4 Are you working LIVE? Using a voltmeter to measure low voltage is working live! Electrical Safety Regulation Requirements for electrical work (1) An employer or self-employed person must ensure that, unless the circumstances required under this division for the performance of live work apply, live work is not performed. Maximum penalty40 penalty units. WARNING As per Regulation 12 Requirement for performance of live work, to perform live work you must satisfy the following seven (7) questions: 1.Have you prepared a risk assessment? 2.Is your test equipment appropriate to perform live work? Minimum Cat 500v ac. 3.Has your test equipment been maintained and confirmed that it is operating correctly? Regulation 18.2(b) the instrument is tested at least every 6 mths to ensure it is in proper working order, and Regulation 12.1(f) the instrument is tested immediately prior to work to confirm that the instrument is operating correctly 4.Have you the correct PPE, (Safety boots, long pants, long sleeved shirt, insulated gloves, safety glasses)? As per AS/NZS 4836 Safe working on low voltage electrical installations. 5.Is the isolation point clearly identified? 6.Is the isolation point able to be reached without any obstructions? 7.Is the area where the electrical live work is performed clear of any obstructions? Note: if you are not working within the requirements of the above laws then your inaction to comply threatens the following; 1.Your right to claim workcover in the event of an accident 2.Your right to claim any insurance benefits in the event of an accident 3.You will be fined the prescribed penalty units for those laws that you have breached A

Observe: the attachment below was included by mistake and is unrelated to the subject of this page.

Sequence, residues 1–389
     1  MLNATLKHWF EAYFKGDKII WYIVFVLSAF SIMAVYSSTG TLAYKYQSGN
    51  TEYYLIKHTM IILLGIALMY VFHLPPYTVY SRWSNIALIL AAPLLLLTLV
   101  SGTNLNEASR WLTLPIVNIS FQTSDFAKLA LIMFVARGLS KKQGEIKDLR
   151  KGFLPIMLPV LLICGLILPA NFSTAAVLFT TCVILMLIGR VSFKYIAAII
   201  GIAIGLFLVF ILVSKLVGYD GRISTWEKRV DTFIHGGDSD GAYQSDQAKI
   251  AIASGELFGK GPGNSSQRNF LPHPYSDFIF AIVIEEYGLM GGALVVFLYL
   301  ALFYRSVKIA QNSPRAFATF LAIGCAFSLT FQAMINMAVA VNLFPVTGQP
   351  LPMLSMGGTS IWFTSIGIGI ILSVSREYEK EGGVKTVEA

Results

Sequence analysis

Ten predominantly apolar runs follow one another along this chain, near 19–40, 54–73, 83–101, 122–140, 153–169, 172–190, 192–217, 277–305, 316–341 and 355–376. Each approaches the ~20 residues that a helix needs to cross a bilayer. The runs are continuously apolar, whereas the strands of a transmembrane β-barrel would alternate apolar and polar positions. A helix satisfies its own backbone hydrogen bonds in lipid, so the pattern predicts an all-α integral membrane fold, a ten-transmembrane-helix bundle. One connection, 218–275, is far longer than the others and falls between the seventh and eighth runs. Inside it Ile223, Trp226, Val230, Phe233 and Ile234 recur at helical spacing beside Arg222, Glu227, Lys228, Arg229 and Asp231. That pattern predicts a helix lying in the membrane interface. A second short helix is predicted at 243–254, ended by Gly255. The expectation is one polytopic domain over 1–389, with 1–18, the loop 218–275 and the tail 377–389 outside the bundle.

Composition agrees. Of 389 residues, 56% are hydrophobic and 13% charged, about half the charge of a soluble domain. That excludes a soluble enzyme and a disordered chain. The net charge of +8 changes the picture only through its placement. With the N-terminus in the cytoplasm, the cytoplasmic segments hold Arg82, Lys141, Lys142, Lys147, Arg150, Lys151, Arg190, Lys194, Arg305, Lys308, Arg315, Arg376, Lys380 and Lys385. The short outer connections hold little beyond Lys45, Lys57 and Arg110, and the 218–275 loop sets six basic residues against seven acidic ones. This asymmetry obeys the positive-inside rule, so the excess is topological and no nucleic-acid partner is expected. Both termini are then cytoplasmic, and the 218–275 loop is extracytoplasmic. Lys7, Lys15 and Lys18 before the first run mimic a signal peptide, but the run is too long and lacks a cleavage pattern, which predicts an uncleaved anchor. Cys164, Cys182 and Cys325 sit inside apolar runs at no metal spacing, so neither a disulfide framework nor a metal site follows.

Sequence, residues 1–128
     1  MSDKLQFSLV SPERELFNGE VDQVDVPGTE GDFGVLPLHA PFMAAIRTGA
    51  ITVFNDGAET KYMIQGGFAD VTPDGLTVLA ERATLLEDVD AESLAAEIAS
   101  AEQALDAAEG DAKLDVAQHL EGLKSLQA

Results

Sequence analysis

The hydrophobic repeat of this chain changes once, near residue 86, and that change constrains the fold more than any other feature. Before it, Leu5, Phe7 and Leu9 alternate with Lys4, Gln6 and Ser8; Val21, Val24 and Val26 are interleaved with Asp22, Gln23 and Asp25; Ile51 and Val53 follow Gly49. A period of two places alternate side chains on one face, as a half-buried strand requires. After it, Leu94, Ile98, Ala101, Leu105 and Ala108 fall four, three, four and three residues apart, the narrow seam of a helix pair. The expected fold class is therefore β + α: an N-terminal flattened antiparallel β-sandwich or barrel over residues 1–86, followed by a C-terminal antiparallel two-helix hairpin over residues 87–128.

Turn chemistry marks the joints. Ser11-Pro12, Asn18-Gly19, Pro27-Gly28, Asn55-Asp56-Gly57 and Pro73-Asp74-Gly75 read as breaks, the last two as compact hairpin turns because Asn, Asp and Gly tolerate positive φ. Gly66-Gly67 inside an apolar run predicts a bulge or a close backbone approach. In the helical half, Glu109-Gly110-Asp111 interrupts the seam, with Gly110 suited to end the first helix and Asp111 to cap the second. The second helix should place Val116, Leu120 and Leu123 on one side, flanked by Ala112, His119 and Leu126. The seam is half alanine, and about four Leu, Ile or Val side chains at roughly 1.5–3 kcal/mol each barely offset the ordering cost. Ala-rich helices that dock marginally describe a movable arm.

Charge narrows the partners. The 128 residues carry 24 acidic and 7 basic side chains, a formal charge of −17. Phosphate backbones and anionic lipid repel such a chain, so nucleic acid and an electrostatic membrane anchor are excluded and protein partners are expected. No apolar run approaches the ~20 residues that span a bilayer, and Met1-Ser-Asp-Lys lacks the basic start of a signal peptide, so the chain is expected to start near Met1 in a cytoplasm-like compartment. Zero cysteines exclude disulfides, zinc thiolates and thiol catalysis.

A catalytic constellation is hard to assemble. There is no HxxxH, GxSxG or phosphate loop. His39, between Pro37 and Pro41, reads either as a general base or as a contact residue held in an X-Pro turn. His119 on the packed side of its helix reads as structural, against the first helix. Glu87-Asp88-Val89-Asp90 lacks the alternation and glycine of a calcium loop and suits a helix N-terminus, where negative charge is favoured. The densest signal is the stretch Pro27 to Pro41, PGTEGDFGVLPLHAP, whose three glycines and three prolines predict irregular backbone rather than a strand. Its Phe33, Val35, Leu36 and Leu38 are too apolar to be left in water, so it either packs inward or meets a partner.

5 CAT IV-600 V CAT III-1000 V Whats the bottom line? If you work on power circuits, you need a CAT III-600 V or CAT IV-600 V/ CAT III 1000 V meter. Look for the CAT rating and voltage rating marked near the input jacks. –CAT or voltage rating alone can be misleading Look for independent certification A